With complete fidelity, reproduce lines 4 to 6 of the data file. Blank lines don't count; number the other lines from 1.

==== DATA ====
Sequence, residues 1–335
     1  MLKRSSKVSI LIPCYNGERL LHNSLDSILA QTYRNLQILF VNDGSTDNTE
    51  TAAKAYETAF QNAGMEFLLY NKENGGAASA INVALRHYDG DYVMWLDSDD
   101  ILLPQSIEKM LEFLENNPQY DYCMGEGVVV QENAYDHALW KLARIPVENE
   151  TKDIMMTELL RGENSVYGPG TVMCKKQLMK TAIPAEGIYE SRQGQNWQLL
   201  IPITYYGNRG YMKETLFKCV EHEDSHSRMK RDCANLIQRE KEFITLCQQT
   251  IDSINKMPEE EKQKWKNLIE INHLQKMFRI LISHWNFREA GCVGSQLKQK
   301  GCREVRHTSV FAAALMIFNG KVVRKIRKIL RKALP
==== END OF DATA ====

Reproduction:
   101  ILLPQSIEKM LEFLENNPQY DYCMGEGVVV QENAYDHALW KLARIPVENE
   151  TKDIMMTELL RGENSVYGPG TVMCKKQLMK TAIPAEGIYE SRQGQNWQLL
   201  IPITYYGNRG YMKETLFKCV EHEDSHSRMK RDCANLIQRE KEFITLCQQT